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Thursday, October 27, 2016

By Shawn Boburg, The Record (Hackensack, NJ)

HACKENSACK, NJ—Two key figures in the George Washington Bridge lane closure scandal do not have to comply with legislative subpoenas demanding that they turn over documents, a judge ruled Wednesday, delivering a setback to lawmakers whose probe linked the closures to New Jersey Gov. Chris Christie’s office earlier this year.

Bridget Anne Kelly, the governor’s former deputy chief of staff, and Bill Stepien, a former campaign manager, argued that turning over documents would violate their Fifth Amendment protection against self-incrimination because the information, once made public, could be used by federal authorities in a parallel criminal investigation.

Superior Court Judge Mary C. Jacobson agreed in a 98-page decision that represented the first successful challenge to state lawmakers’ primary investigative tool — their subpoena power — and ignited a debate about the future direction of the legislative investigation, even as many questions about the scandal remain unanswered.

Jacobson, who described the subpoenas as too broad, likening them to a “fishing expedition,” seemed to suggest that the panel could re-issue more narrow subpoenas to Kelly and Stepien that might hold up against a legal challenge. But the prospect of new subpoenas — and the possibility of another prolonged court battle over whether they are valid — could also present other political challenges for the committee, as its leaders look to regain momentum and its critics urge it to move on.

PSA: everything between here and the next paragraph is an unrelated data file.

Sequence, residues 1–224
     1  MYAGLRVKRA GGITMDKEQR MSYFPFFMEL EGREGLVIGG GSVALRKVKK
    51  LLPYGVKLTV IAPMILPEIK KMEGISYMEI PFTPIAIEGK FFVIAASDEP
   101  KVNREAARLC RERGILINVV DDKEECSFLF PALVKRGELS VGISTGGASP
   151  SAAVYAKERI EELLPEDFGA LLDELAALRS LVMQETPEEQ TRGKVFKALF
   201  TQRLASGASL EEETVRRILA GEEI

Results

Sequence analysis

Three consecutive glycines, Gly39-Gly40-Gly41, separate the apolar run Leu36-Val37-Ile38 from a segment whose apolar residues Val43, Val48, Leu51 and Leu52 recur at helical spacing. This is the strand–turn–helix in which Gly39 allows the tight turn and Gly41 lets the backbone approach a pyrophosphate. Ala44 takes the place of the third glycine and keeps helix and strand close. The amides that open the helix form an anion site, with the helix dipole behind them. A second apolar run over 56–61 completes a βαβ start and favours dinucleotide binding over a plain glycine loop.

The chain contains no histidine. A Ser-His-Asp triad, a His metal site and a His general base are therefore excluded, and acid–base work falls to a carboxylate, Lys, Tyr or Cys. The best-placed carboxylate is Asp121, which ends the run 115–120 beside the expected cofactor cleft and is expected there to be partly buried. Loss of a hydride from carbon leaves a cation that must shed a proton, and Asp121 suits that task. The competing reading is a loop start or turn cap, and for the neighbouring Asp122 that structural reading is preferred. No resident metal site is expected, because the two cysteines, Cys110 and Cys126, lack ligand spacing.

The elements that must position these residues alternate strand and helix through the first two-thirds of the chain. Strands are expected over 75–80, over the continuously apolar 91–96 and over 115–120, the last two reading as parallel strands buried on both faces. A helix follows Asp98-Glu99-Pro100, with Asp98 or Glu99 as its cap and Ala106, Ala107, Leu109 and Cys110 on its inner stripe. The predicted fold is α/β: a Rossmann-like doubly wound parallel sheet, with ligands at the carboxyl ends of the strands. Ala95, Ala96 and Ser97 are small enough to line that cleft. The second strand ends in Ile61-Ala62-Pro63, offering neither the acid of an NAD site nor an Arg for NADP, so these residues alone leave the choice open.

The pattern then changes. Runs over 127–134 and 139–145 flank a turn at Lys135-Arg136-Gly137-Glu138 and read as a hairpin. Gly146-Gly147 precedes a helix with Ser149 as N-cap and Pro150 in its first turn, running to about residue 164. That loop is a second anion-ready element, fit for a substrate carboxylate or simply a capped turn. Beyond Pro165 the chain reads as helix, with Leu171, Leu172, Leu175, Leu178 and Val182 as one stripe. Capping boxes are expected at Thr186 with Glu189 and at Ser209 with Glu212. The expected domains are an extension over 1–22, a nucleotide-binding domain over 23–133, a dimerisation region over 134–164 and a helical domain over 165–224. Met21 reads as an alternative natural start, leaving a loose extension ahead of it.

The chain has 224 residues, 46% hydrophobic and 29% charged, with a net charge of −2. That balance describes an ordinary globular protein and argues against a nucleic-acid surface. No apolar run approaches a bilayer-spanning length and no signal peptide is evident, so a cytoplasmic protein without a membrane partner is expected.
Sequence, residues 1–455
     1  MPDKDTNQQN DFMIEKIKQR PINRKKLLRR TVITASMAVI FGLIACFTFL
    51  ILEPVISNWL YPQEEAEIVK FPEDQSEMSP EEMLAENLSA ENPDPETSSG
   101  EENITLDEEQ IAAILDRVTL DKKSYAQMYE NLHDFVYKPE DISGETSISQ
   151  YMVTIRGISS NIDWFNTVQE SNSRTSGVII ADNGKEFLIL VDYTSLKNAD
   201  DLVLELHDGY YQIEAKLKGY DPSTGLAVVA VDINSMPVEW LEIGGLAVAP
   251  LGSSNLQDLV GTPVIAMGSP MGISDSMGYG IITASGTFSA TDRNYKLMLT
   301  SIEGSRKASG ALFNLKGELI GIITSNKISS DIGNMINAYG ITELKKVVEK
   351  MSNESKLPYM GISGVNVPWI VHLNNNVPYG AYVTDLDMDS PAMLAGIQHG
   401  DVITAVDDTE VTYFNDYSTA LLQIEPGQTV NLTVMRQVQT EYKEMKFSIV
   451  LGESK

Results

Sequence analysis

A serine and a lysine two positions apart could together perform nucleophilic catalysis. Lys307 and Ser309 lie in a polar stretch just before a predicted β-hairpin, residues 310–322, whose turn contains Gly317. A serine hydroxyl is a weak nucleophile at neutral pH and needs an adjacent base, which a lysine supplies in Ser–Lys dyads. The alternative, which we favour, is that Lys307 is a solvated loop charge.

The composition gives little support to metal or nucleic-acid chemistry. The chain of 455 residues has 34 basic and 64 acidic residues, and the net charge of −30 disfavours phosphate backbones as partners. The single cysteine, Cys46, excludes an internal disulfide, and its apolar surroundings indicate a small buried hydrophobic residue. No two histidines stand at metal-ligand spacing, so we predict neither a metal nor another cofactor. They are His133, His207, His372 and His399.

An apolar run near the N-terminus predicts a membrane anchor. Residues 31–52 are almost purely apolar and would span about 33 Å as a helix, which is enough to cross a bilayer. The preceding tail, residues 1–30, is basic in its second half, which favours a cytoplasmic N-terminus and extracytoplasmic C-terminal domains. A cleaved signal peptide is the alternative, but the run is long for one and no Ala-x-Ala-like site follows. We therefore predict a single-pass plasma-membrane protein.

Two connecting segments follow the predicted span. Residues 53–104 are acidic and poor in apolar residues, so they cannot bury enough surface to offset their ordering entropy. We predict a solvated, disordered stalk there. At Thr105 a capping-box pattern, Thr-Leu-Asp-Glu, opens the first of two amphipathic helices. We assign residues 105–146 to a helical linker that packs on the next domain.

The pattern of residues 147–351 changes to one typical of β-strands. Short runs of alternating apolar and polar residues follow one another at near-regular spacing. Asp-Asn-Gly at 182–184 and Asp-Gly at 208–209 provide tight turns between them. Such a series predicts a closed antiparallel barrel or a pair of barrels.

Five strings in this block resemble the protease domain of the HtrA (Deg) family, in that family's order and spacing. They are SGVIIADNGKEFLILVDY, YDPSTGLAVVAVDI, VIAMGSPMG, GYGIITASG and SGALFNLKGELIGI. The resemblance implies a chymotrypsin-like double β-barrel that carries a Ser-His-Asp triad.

A co-chairman of the legislative committee, John Wisniewski, a Democrat, said in a statement that the panel would consider its options.

“The committee felt it was very much in the public interest to seek to compel the production of these documents, but as we’ve said before, there’s more than one method to gather information in an investigation, and we will consider alternatives. We will continue exploring every avenue to find out what happened with this threat to public safety and abuse of government power,” he said in a statement.

The decision follows a report commissioned by Christie’s office and released last month that concluded there was no evidence that Christie authorized or helped plan the lane closures. The report, widely criticized as being one-sided, pinned responsibility for the closures on Kelly and former Port Authority executive David Wildstein but could not determine what is characterized as their apparent “ulterior motive” for closing the lanes. Kelly, Stepien, and Wildstein did not cooperate with the report by attorney Randy Mastro, leaving questions about the origin of the lane closures unresolved.

Wednesday’s court ruling means the legislative committee is less likely to get those answers from Kelly and Stepien.

Stepien’s attorney said Wednesday’s ruling amounted to a “vindication” of his client.

“In its zeal to achieve a blatantly political goal having nothing to do with Mr. Stepien, the Committee disregarded the fundamental constitutional rights of this innocent man,” attorney Kevin Marino wrote in a statement. “In the process, it wasted the taxpayers’ money — and the nation’s time — on a frivolous lawsuit to enforce a clearly invalid subpoena. That lawsuit has now been properly and roundly rejected.”